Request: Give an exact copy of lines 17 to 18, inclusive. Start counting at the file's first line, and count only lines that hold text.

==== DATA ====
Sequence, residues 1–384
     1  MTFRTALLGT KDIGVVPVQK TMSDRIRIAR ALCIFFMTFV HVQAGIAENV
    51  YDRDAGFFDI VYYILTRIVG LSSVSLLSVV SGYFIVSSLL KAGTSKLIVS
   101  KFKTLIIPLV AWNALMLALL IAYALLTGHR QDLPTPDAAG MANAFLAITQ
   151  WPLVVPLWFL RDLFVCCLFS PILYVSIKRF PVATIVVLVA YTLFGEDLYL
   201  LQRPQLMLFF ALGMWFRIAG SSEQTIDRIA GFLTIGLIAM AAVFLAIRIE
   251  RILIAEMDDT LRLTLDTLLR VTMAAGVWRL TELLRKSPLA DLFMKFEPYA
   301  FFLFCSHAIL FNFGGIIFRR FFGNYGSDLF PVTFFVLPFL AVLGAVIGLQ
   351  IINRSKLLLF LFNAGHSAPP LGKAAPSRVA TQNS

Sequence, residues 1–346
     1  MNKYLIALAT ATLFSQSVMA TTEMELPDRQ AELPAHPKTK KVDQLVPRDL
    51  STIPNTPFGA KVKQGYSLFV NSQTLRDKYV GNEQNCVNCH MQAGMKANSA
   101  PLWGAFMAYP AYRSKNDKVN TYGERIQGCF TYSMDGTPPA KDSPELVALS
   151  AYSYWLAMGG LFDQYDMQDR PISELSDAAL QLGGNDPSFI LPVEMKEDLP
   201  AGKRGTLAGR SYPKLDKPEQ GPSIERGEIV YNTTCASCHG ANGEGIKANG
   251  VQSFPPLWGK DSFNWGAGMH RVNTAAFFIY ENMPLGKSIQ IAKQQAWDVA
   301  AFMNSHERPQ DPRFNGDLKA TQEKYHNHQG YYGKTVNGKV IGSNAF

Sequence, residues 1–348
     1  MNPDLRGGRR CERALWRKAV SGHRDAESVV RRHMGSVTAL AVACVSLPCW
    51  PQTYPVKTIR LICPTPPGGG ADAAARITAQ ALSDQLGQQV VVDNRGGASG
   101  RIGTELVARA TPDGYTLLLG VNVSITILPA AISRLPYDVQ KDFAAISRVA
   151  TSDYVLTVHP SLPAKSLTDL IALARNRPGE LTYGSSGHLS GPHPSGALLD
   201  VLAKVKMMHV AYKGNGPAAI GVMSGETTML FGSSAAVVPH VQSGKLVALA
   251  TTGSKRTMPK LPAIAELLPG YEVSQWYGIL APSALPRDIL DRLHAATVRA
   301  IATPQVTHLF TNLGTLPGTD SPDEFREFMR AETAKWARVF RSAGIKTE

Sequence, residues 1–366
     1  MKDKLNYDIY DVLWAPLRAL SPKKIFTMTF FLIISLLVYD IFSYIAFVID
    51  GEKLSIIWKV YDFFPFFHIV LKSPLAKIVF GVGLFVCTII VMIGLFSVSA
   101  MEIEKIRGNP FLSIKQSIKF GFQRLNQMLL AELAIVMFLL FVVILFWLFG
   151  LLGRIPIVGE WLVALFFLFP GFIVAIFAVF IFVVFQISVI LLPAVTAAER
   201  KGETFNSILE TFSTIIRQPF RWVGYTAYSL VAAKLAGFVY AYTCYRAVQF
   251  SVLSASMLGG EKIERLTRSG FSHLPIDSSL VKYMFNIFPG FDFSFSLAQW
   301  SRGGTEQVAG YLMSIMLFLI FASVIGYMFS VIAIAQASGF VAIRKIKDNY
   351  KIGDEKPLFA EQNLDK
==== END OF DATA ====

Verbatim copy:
   301  AFMNSHERPQ DPRFNGDLKA TQEKYHNHQG YYGKTVNGKV IGSNAF

Sequence, residues 1–348